• Smart economic networks enable new types of trade finance; support the trade in digital services; and provide supply chain tracking for physical trade on goods, in turn providing numerous ESG tracking solutions.
  • Drawing upon different sources of data, insurers, with customers’ permission, can enable more accurate risk assessments and pricing, from household to multinationals, bring much-needed finance into transactions that increase trade. 
  • Just as law firms are adopting AI, so effective and efficient legal research will be enabled by access to a client’s data with other organisations – further enabled by ’smart contracts’ as legal title takes the form of digital assets.
  • As capital markets become increasingly digitised & tokenised being able to combine and analyse data to allocate risk appropriately will increase economic efficiency in the use of capital.
  • All of the UN Sustainable Development Goals would be accelerated if smart economic networks were ubiquitous – from reducing hunger to climate change to stronger and safer institutions.

We want to kickstart the development of international standards in this area. Technically, we would be looking at demonstrating live use of document standards and interchange standards, largely based on the underlying https://x-road.global/ infrastructure.  We will convene interested institutions and organisations to pilot the development of standards in a few key areas. We watch the Nordic Institute for Interoperability Solutions with great interest.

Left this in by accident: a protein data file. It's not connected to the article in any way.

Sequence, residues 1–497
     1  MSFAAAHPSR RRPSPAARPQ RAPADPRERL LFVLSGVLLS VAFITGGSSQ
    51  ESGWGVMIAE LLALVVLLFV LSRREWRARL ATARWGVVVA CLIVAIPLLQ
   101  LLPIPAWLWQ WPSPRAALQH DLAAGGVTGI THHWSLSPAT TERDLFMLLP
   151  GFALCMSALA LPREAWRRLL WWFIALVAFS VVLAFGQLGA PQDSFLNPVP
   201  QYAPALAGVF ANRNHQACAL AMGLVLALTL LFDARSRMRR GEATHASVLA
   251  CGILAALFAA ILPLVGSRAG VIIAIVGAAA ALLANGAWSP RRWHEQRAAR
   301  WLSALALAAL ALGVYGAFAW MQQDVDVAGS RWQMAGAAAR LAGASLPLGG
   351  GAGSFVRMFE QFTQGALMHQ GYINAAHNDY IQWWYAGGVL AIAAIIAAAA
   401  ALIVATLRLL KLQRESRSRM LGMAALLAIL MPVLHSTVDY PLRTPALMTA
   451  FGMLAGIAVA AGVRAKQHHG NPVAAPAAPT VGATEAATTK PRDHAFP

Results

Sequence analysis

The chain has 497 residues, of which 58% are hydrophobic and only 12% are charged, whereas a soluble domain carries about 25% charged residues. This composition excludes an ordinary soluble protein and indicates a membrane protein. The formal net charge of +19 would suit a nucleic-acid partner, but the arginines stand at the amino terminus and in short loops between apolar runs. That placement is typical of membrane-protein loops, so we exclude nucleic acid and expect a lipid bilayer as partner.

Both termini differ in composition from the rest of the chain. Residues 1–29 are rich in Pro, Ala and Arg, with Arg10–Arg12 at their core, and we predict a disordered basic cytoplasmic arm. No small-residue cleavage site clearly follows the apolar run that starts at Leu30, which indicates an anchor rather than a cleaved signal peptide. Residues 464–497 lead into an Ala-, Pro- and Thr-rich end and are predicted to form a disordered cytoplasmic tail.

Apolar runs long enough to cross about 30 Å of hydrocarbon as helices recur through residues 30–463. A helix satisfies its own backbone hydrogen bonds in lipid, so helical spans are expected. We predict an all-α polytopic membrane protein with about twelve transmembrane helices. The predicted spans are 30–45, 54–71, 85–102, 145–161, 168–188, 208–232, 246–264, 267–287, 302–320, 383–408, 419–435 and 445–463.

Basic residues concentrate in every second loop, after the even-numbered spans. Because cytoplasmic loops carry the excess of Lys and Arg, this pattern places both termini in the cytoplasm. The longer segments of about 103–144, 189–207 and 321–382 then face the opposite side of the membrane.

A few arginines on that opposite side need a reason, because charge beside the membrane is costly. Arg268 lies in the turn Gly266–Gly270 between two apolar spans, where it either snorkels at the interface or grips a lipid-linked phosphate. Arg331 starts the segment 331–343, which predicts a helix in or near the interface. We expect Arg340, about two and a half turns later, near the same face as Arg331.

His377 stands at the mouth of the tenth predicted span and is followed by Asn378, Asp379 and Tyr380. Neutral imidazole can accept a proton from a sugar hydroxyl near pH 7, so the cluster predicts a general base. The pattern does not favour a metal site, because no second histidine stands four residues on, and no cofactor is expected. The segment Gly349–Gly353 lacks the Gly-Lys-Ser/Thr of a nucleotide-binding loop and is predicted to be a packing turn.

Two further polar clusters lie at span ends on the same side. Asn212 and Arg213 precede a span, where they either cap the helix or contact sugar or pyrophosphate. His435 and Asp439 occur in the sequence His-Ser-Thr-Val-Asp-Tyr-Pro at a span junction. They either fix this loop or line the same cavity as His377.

Proposal in a nutshell

The 695th Lord Mayor has convened City and global institutions to develop international ‘open data’ standards (enabling cross border data-driven services, powered by APIs), initially in a small number of areas where open data is already most advanced and where the incentive and opportunity for cross-border services is greatest. This work is in line with the City of London’s “Vision for Economic Growth – a roadmap to prosperity”: creating the framework for a digital-first economy, enabling data-driven sustainable finance, and connecting innovative networks across the world.